USC Digital Folklore Archives / Posts Tagged ‘williams’
Legends
Narrative

Is That My Name?

Greg Williams

Houston, Texas

April 9, 2012

Folklore Type: Legend

Informant Bio: Greg is my father. He is the hardest working man I know. He really values hard work so much so that he named his daughter after the hardest working woman he ever knew, his grandmother Laura. He grew up relatively poorer or lower middle class, and his father grew up dirt poor in very rural Hix, Texas. Both of Greg’s parents worked, and he started working at the age of ten. He has never stopped since as far as I know. Today Greg is a very accomplished and sought after Corporate Financial Officer. He is also very caring like his father.

Context: My Papa, my Father’s father, died. We were going to have the funeral soon. I knew I wanted to ask my Dad about the stories his grandfather told him because he talked in length about talking about them, but never told them himself. The one he came up with although he was a little hesitant to tell it because it is not very pretty is the story of our last name, Williams.

 

Item:

I spent every summer with them [father’s parents] as a youngster until I started playing football and had summer workouts at home. It was like going to camp except with much better food as my grandmother was an amazing cook having raised 8 kids. I did everything with my grandfather during those summers – milked the cow, tended to the acres of garden, mowed the pasture, rode horses, hunted squirrels and listened to him tell stories usually about people I did not know. He was a small man at 5’ 2” tall and my grandmother was 5’11” tall. They made quite a pair. She was fairly quiet but Lee Williams loved to tell stories while we sat outside at night eating watermelon. My grandfather and my father always thought our last name was different. I asked how they could not know. They said it was a different time. My grandfather had several siblings and they all thought this was true.

My grandfathers’ father’s family migrated from Ireland and my great grandfather lived with his family in Baltimore, Maryland during the civil war. My grandfather’s father got into a confrontation with the law. We think either over union confiscation of horses the family owned or somehow taking up for his brother over something or both? My great grandfather fled Baltimore to New Orleans where he traveled back to Ireland for some period of time. He later returned to the United States via Galveston, Texas migrating up from the coast into central Texas settling about 30 miles west of Bryan/College Station, home of Texas A&M. He settled in central Texas and we think my great grandfather changed his name to Williams to easily blend into society.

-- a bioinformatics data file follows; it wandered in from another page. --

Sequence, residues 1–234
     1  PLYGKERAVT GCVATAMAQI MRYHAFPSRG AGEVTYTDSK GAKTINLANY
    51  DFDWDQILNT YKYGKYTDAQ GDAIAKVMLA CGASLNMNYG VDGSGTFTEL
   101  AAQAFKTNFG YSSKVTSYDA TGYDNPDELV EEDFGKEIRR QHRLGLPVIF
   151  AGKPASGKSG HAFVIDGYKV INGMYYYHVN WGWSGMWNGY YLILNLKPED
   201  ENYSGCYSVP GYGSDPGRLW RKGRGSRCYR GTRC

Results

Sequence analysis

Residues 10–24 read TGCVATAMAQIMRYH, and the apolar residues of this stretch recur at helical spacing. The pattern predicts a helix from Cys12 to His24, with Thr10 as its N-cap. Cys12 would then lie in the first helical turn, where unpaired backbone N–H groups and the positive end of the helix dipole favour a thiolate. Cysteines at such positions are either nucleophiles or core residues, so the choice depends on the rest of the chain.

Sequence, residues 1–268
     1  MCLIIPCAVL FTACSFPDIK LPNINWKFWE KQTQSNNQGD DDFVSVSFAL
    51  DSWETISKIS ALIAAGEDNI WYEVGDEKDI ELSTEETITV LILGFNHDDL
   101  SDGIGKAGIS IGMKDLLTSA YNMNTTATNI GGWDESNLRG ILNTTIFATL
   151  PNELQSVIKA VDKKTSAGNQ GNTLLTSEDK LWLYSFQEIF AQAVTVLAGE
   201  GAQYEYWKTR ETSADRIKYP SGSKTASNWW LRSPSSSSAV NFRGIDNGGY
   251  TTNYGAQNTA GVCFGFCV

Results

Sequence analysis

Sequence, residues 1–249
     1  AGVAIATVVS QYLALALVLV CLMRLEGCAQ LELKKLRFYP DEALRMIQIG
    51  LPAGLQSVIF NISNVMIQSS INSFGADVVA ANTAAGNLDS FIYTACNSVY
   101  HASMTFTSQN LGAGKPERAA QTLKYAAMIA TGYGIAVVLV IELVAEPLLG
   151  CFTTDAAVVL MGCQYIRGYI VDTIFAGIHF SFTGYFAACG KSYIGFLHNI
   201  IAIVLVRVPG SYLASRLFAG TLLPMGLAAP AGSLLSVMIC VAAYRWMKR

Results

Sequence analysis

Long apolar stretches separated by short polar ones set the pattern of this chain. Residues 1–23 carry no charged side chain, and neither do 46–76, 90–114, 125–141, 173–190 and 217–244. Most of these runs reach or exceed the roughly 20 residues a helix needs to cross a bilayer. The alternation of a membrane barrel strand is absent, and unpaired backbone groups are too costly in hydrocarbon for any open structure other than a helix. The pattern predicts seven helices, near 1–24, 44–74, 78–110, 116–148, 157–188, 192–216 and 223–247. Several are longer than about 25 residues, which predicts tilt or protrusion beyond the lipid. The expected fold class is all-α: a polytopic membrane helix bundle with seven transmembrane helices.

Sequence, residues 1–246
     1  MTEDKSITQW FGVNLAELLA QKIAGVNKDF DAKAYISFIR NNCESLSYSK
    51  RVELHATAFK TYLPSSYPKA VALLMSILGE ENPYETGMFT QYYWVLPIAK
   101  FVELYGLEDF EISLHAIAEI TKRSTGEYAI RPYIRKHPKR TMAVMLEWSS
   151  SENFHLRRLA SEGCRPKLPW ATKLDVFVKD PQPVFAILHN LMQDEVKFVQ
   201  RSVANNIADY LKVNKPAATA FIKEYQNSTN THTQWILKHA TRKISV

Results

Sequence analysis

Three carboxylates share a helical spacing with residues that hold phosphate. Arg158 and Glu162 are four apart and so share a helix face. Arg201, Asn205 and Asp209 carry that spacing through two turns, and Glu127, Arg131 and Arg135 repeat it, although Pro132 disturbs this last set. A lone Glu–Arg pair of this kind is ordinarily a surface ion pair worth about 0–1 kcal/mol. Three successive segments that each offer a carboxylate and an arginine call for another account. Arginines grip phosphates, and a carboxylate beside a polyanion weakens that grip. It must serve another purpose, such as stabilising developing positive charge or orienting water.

Informant Analysis: We heard the same stories over and over again. No television, (laughing) no radio, it was pretty much the only form of entertainment. At first it bothered me a lot. You know it’s kinda one of those things where as a kid, Tommy was doing the project, and we were going to go to Baltimore to figure out who we were. And at one point the court house burned down and a lot of the documents were gone, but in the end it is what it is and I know I’m Irish and who I am. The other thing it probably did, is it gave me a sense of you know when they were in Baltimore they had horses and a farm and back in those days that was everything, and then it was all gone. You know he went back to central Texas with the shirt on his back and had to start over, and he had a family and started a new life.

Analysis: This legend really is not discussed in my family. I probably bring it up the most out of everyone because I think it is interesting. It tends to make other people in my rather large extended family uncomfortable. What made it stick in my mind is that the last person I talked to about it was my Papa. I identify with it as a part of my identity that is yet to be explored because I really value my origins. This is something I learned from my father. He knows where he has come from because of where he ended up in spite of his origins, as did his father, and as did my Dad’s great-grandfather. Whether or not all of the details in this legend are true is unknown thus far, but it is the closest thing to an ancestry the Williams family has.

Alex Williams

Los Angeles, California

University of Southern California

ANTH 333m   Spring 2012

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